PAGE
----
SAN FRANCISCO - Fitch Ratings downgraded California's general obligation bonds two notches to BBB from A-minus yesterday, pushing the state's lease-backed debt to the lowest investment grade, BBB-minus.
Fitch kept the state's bonds on rating watch negative, suggesting the lease-backed debt may fall to junk bond status if a solution to California's budget impasse is not found soon. The agency downgraded the state to A-minus from A on June 25.
"The downgrade to BBB is based on the state's continued inability to achieve timely agreement on budgetary and cash flow solutions to its severe fiscal crisis," the agency said in a release. "The rating watch negative reflects the short-term risk, in Fitch's view, that institutional gridlock could persist, further aggravating the state's already severe economic, revenue and liquidity challenges and weighing on the state's credit."
California, which has the lowest state credit rating in the nation from all three rating agencies, last week began making payments with registered warrants, or IOUs, because lawmakers could not agree on a plan to close a $26.3 billion budget gap in time for the new fiscal year.
Controller John Chiang plans to make $3 billion of "non-priority" payments with the IOUs this month, conserving cash for $10.8 billion owed for educational aid, debt service, and other priority payments.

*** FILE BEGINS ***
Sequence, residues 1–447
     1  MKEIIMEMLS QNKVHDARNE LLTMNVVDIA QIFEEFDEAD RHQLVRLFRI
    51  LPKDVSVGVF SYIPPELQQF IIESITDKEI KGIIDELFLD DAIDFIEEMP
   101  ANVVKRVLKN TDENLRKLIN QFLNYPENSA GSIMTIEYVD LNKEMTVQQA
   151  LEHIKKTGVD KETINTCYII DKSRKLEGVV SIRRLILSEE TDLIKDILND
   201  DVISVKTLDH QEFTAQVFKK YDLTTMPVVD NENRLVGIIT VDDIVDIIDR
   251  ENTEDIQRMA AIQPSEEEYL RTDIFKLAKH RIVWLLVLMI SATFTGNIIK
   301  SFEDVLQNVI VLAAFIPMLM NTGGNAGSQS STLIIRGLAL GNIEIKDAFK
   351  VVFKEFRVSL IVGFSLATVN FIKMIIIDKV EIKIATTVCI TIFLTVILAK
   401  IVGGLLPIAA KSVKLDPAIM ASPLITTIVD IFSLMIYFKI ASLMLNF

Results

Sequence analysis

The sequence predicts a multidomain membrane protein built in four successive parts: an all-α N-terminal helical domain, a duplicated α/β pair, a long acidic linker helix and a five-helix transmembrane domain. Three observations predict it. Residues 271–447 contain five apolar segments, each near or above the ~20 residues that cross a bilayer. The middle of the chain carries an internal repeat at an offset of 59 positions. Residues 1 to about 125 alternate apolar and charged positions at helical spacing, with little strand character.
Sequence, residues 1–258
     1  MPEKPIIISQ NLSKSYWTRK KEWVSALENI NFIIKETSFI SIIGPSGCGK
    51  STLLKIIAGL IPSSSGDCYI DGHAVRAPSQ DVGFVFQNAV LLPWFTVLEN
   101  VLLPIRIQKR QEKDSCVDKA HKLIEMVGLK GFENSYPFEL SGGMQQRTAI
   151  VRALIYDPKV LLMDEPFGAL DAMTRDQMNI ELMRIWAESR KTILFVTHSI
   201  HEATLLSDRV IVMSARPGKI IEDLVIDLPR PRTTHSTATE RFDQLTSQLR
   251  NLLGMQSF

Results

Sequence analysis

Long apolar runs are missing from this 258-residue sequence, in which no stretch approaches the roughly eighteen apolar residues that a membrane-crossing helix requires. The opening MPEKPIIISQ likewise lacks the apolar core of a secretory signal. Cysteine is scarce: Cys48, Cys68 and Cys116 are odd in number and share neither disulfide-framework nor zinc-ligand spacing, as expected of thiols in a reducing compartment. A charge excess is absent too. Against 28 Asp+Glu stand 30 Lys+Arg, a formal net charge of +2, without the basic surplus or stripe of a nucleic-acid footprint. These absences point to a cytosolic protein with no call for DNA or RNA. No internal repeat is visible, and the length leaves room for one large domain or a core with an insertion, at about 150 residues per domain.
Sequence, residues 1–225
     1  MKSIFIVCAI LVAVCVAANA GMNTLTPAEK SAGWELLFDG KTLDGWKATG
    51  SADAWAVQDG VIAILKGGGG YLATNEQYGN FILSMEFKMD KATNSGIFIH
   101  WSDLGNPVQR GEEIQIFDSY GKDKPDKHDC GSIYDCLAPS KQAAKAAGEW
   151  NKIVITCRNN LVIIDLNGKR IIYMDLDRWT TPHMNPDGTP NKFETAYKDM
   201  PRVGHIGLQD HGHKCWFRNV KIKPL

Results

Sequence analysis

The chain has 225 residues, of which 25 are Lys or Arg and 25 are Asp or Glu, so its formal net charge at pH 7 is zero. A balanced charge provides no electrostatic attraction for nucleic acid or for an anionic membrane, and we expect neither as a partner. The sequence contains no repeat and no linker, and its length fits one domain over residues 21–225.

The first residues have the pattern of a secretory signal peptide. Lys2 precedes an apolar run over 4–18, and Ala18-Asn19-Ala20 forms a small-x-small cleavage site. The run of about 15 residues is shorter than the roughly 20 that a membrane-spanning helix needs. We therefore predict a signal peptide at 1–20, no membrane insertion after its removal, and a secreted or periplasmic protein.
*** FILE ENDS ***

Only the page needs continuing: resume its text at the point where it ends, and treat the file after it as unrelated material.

But Fitch said IOUs will only keep the state afloat until October, when its cash-flow deficit is projected to rise to $16.1 billion and the amount of obligations eligible to be paid by IOUs shrinks to $10.6 billion. At that point, the state would have to begin to pare back priority payments.
"Margins for meeting constitutional and court-required contractual commitments are narrowing," Fitch said in a release. "After September 2009, absent any proposed budget and payment adjustments, cash deficits will expand dramatically."
California's economy has been hard hit by the recession. Its unemployment rate rose to 11.2% in May, having more than doubled in the past two years. State revenues, which are particularly volatile because of the state's dependence on capital gains taxes, fell by almost 19% in fiscal 2009 through May, according to the controller.
While lawmakers have spent much of the past eight months working on fixes to the budget, each budget deal has been followed by further deterioration in the economy, forcing increasingly painful cuts on the state.
Gov. Arnold Schwarzenegger last month proposed eliminating the state's welfare program, closing most state parks, and dropping the health coverage for 900,000 low-income children to close the deficit.
Democrats, who control both houses of the Legislature, refuse to close the entire budget gap with cuts to the social safety net, while Republicans, including the governor, refuse to approve new tax increases, arguing that taxpayers can't afford to pay more during the deepest recession in decades.
Fitch's action pushes its California rating to the lowest among the rating agencies. Standard & Poor's last week affirmed its A rating for California's GOs, keeping them on CreditWatch with negative implications. The agency said issuing warrants should allow the state to maintain positive cash flow through August.
Moody's Investors Service last month put the state's A2 GO rating on watch for a possible downgrade.